Mais Oui! Being Bilingual Helps the Brain Stay Young

Research has shown that older people who remain socially and mentally active may be less likely to develop dementia. According to a new studies, learning another language may also help keep the mind young and delay the onset of age-related diseases like Alzheimer’s. Research has shown that mental activity builds up a “cognitive reserve,” helping the brain function around the physical decay of the brain that is present with Alzheimer’s. A recent Canadian study found that being bilingual helps build this “cognitive reserve” and may protect the brain against the effects of age-related memory loss.

Researchers tested roughly 200 patients who had been diagnosed with Alzheimer’s; half of them were bilingual and half spoke only one language. While all the patients had similar degrees of cognitive impairment, those who were bilingual had been diagnosed with Alzheimer’s about four years later than those who spoke just one language. Furthermore, the bilingual people reported their symptoms had started about five years later than those in the monolingual group. This delay in symptoms occurred regardless of other factors like occupation, education and immigration.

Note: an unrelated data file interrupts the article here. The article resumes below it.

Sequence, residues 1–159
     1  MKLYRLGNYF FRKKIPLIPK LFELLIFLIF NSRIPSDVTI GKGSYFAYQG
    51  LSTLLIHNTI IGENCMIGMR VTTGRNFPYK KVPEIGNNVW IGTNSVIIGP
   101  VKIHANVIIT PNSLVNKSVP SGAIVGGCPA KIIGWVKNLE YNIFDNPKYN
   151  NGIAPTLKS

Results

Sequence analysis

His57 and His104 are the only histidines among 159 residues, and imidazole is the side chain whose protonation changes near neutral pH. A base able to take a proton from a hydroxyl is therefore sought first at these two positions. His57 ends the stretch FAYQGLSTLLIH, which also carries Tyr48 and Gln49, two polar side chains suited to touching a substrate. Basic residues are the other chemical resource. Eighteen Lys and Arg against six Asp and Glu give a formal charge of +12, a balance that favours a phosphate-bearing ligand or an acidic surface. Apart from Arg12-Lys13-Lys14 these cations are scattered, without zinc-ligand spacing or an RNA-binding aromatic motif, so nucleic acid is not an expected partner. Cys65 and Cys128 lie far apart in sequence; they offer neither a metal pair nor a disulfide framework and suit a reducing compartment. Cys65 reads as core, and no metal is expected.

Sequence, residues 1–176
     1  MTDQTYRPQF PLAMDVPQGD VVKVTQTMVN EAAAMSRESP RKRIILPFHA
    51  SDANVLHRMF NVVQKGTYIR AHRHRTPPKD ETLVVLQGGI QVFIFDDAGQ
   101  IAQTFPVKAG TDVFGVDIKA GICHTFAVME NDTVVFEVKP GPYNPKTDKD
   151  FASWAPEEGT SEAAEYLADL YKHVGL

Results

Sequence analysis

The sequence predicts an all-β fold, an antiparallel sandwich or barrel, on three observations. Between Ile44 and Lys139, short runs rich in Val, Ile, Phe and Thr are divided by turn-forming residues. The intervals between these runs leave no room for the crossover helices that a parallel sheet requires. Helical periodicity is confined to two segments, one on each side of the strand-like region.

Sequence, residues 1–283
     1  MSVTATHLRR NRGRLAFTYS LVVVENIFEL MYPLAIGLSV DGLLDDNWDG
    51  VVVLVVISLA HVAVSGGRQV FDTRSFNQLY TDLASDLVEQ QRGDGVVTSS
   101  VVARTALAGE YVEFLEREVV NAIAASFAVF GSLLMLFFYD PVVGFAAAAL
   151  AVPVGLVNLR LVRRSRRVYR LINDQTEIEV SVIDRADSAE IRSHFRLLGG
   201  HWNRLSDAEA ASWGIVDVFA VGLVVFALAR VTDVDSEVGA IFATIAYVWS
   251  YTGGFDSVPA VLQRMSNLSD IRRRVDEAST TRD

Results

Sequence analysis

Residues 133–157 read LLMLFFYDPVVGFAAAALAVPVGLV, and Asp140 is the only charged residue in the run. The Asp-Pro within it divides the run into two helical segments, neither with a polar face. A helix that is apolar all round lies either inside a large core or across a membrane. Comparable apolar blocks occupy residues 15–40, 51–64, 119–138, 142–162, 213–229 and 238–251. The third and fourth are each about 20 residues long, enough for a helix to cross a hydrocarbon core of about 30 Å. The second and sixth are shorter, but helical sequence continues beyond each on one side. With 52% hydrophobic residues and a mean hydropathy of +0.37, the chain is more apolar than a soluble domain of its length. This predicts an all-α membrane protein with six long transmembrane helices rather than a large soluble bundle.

So how precisely does speaking two languages help the brain stay young? Research suggests that bilingual speakers are not only speaking, but also thinking in two languages, which helps strengthen executive function and ability to weed out irrelevant information. With mental tasks such as focus, multitasking and prioritization, bilingual speakers outperform single-language speakers. There is even new evidence that speaking two or more languages causes physical changes to the brain. Research is currently being performed to determine how the structure of the brain is altered by the experience of speaking a second language.

This study affirms that learning a new language, even at an old age, provides a beneficial workout for the brain. Based on increasing scientific evidence, lifestyle factors such as regular exercise, a healthy diet, and speaking more than one language can help protect the brain against age-related decline and disease.

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